CNMI Insists U.S. Live Up To Prior Programmatic Agreements

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Pacific Islands Development Program, East-West Center With Support From Center for Pacific Islands Studies, University of Hawai‘i

Before committing to divert airfield, prior projects must happen: Torres

By Dennis B. Chan

SAIPAN, CNMI (Saipan Tribune, March 10, 2016) – CNMI government officials warned Tuesday of finalizing agreements with the U.S. military for new projects advancing in the Northern Marianas while other commitments made years ago potentially overlap, conflict, and remain unfunded to this day.

Gov. Ralph DLG Torres said Tuesday he has notified the U.S. Department of Defense of these concerns. Torres, when pressed, acknowledged they are negotiating a "programmatic" agreement for a divert airfield project on Tinian "and yet we still need to address…prior ones."

Programmatic agreements are essentially measures agreed to by consulting parties to protect historic properties affected by Defense projects.

"We are going to have more thorough conversations," Torres told reporters after a Cabinet event Tuesday. "We cannot continue to be just signing PAs [programmatic agreements] and signing, signing, signing."

The CNMI has signed on to two agreements for the "Marianas Islands Range Complex" project in 2009, and the "Guam/CNMI military relocation" project in 2011.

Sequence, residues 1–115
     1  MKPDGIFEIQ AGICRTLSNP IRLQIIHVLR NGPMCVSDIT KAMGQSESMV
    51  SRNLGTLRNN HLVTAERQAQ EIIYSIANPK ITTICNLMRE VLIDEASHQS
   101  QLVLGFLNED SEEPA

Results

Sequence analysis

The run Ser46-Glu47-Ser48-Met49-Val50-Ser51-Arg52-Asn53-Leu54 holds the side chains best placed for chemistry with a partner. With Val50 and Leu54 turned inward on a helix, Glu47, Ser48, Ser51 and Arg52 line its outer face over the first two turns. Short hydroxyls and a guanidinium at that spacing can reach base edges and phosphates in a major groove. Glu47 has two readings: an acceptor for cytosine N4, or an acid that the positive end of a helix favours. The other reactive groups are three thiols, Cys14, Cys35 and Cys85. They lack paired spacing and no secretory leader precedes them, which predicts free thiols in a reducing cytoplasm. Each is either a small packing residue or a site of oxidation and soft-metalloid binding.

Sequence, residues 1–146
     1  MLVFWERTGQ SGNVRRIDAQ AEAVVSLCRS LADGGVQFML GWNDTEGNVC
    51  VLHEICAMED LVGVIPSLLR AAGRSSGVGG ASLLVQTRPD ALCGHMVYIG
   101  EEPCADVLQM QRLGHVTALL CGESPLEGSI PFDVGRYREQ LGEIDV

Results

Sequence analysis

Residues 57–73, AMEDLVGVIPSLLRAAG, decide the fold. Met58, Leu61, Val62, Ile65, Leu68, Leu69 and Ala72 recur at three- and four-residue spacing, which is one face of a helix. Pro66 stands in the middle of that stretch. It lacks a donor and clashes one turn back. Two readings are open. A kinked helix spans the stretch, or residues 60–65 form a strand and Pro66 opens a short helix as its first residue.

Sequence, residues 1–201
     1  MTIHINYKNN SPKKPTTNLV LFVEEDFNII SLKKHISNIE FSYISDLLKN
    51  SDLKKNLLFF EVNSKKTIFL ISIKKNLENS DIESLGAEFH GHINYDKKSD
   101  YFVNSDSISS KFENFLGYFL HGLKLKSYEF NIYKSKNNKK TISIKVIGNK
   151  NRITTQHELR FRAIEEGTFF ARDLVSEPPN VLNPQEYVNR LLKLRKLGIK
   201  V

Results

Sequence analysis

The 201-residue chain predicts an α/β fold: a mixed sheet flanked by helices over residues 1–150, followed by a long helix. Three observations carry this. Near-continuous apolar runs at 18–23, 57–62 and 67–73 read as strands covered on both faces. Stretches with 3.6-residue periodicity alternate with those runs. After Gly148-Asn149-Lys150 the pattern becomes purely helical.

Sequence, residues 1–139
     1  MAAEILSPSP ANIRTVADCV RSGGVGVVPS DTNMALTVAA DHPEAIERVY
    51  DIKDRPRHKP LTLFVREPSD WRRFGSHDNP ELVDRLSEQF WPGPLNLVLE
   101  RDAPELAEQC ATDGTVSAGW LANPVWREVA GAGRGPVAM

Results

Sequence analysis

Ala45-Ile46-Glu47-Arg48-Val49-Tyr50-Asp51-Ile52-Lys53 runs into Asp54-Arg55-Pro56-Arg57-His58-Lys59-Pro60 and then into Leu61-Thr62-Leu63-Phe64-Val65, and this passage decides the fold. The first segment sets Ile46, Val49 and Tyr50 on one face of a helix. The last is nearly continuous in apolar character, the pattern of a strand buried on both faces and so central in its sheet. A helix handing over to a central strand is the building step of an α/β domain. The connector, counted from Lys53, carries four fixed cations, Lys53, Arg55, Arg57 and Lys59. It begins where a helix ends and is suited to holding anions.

The Department of the Navy, though, has continued to bench the $1.7 million promised for historic projects on Saipan and Tinian until the outcomes of their latest live-fire project on Tinian, according to an information paper provided to Delagate Gregorio Kilili C. Sablan (Ind-MP) late last month.

The Department of the Navy has also "seemingly ignored" the MIRC agreement, which mandated a yearly update of Tinian historic sites to allow for "new data" to alter even "eliminate" training proposals.

The National Park Service signaled as much in a breakdown of the latest military live-fire project, the "CNMI Joint Military Training" project, or CJMT, last month.

The Service found that the CJMT ignored MIRC-sponsored cultural studies that recommended military "constraint" areas or mitigation zones.

These zones appear to have been ignored or are "non-existent" in the CJMT, the NPS report found.

"That we are negotiating other PAs, while previous PAs have gone unfulfilled, does not lend credibility to the process or the promises," said Robert Hunter, executive director of the NMI Museum of History and Culture.

"If DOD representatives are going to spend the significant amount of time and resources, both theirs and ours, to negotiate these PAs," Hunter said, "then they should be doing so with the complete support and backing of the DOD and the U.S. Congress, otherwise these are as good as promises written in sand."

‘Abide by contracts’

Torres sent a letter to the U.S. Pacific command Anthony Crutchfield on Tuesday that echoed these concerns, and how they "tie in" with the divert airfield and CJMT project, a senior administration official confirmed Tuesday.

Crutchfield is the single point of contact for Defense projects in the NMI.

"We as a government, we as a CNMI," said Torres, "abide by those contracts and agreements and we would like to have DoD—or any other entity for that matter—that when we have an agreement, ‘you put your share in and we put our share in’ and address those agreements, before we move on to the next step."